Open Access Highly Accessed Study protocol

Protocol for the Smoking, Nicotine and Pregnancy (SNAP) trial: double-blind, placebo-randomised, controlled trial of nicotine replacement therapy in pregnancy

Tim Coleman1*, Jim Thornton2, John Britton3, Sarah Lewis3, Kim Watts4, Michael WH Coughtrie5, Clare Mannion6, Neil Marlow7 and Christine Godfrey8

Author Affiliations

1 Division of Primary Care, University of Nottingham, Nottingham, UK

2 Division of Obstetrics and Gynaecology, University of Nottingham, Nottingham, UK

3 Division of Respiratory Medicine, University of Nottingham, Nottingham, UK

4 Academic Division of Midwifery, University of Nottingham, Nottingham, UK

5 Department of Molecular & Cellular Pathology, University of Dundee, Dundee, UK

6 Stop Smoking Service, Central Cheshire PCT, Crewe, UK

7 Academic Division of Child Health, University of Nottingham, Nottingham, UK

8 Department of Health Sciences, University of York, York, UK

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BMC Health Services Research 2007, 7:2  doi:10.1186/1472-6963-7-2

Published: 3 January 2007



Smoking in pregnancy remains a public health challenge. Nicotine replacement therapy (NRT) is effective for smoking cessation in non-pregnant people, but because women metabolise nicotine and cotinine much faster in pregnancy, it is unclear whether this will be effective for smoking cessation in pregnancy. The NHS Health Technology Assessment Programme (HTA)-funded smoking, nicotine and pregnancy (SNAP) trial will investigate whether or not nicotine replacement therapy (NRT) is effective, cost-effective and safe when used for smoking cessation by pregnant women.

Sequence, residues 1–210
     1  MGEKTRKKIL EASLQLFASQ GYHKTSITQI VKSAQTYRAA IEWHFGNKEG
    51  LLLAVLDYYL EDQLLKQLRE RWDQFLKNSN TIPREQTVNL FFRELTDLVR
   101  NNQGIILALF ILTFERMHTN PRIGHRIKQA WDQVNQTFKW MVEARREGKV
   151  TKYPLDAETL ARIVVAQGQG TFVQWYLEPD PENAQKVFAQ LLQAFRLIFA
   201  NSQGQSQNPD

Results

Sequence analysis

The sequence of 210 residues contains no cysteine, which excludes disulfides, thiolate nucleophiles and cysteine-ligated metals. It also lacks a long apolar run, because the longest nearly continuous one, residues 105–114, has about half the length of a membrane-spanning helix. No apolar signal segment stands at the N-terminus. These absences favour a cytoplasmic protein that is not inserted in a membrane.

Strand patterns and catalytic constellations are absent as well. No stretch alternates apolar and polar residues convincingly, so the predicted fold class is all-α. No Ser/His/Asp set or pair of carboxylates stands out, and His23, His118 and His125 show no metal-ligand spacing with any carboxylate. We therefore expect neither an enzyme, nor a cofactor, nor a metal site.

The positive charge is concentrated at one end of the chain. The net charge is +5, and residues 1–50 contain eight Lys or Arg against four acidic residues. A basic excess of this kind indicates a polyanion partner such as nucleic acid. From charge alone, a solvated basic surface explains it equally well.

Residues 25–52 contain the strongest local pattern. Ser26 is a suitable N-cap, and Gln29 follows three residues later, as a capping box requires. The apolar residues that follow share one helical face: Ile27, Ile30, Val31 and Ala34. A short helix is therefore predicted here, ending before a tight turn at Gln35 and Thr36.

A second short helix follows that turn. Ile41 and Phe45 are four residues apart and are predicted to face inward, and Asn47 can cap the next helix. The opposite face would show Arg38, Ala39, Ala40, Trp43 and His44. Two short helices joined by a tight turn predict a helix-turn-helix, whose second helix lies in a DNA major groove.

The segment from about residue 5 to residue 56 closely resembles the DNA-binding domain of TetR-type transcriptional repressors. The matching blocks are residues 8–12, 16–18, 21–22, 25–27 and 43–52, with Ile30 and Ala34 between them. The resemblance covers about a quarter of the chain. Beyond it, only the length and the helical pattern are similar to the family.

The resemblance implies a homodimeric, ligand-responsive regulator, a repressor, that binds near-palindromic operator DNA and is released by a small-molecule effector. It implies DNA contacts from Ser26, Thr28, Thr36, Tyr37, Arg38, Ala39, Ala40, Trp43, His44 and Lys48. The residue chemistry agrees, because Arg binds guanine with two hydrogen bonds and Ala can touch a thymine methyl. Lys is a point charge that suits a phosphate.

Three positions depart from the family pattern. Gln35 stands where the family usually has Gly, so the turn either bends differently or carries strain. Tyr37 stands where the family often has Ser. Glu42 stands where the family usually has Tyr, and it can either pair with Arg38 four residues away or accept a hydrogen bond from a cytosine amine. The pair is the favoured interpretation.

Over two years, in 5 trial centres, 1050 pregnant women who are between 12 and 24 weeks pregnant will be randomised as they attend hospital for ante-natal ultrasound scans. Women will receive either nicotine or placebo transdermal patches with behavioural support. The primary outcome measure is biochemically-validated, self-reported, prolonged and total abstinence from smoking between a quit date (defined before randomisation and set within two weeks of this) and delivery. At six months after childbirth self-reported maternal smoking status will be ascertained and two years after childbirth, self-reported maternal smoking status and the behaviour, cognitive development and respiratory symptoms of children born in the trial will be compared in both groups.


This trial is designed to ascertain whether or not standard doses of NRT (as transdermal patches) are effective and safe when used for smoking cessation during pregnancy.